Ryan Larson and I have a piece in the current issue of Contexts about last year’s extraordinary season in the English Premier League (EPL). In short, the last season longstanding correlation between wage spending and points in the table fell apart. And it wasn’t all explained by Leicester City’s astonishing title run or Chelsea’s inexplicable post-title collapse. It also wasn’t just a matter of some lucky goals here and there. Last year was weird and awesome.
As we say in the article, “Given such irrational spending, we might have imagined that the wealthy clubs would learn a lesson and curb inefficient wage spending in 2016/17. If anything, the opposite happened: the wealthy teams doubled-down on the strategy of buying their way to wins.” So, what happened? At the current moment, we’re just past the midway point in the season (20 out of 38 games played). This year, it does looks like a billionaire can buy his club a position near the top of table. The six clubs that spend over £100 million in wages occupy the top six spots. Leicester City, the plucky heroes of last season, is performing almost exactly how you would expect given their spending. This year, then, is about what we should expect most years in a league with such extreme inequality.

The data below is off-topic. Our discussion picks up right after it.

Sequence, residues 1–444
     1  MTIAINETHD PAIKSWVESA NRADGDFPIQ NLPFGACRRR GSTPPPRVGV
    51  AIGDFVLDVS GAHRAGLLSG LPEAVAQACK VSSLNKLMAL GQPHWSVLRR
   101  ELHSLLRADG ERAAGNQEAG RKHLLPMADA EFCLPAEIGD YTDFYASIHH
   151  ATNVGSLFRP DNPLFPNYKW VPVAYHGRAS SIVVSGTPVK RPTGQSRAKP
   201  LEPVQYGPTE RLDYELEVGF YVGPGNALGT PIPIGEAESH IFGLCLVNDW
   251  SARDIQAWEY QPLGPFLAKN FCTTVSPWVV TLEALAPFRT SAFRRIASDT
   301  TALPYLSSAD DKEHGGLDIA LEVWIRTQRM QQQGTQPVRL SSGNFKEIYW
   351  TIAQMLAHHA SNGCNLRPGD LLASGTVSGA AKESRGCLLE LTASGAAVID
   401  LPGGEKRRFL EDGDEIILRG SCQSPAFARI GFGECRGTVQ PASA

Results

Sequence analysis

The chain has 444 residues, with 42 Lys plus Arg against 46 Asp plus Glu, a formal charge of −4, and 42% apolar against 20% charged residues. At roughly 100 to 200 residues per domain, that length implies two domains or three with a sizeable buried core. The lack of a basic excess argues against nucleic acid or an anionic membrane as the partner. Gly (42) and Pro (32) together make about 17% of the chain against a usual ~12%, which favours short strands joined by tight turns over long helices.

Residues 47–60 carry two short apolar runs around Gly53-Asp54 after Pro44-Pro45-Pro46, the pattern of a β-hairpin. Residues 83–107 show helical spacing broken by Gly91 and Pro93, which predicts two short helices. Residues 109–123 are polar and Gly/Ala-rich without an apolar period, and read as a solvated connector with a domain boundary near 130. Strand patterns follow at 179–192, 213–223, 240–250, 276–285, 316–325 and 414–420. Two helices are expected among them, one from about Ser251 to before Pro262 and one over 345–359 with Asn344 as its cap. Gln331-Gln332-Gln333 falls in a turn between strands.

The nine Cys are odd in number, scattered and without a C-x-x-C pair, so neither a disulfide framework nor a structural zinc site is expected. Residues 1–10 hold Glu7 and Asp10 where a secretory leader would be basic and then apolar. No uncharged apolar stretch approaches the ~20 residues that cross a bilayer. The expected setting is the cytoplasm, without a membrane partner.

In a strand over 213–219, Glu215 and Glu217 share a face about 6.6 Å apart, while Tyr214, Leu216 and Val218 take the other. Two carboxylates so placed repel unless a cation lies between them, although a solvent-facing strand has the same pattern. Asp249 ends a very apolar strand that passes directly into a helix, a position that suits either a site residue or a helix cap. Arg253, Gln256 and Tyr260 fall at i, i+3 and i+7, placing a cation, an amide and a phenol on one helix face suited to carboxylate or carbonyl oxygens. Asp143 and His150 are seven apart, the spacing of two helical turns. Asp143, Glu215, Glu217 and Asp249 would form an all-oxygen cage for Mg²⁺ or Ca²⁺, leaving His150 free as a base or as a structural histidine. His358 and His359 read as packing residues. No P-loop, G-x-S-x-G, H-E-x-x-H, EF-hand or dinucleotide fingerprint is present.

What about “luck” this season? Four of the top title challengers have eked out a few more points than we’d expect given their goals for and against. Crystal Palace, who sit in 17th place, haven’t been able to turn their 30 goals into more than 4 wins and 12 draws. But fifteen of the twenty teams are within one win’s worth of the points we would expect, so it’s not a particularly lucky or unlucky season.
If last year was exceptional, this year has been terribly predictable.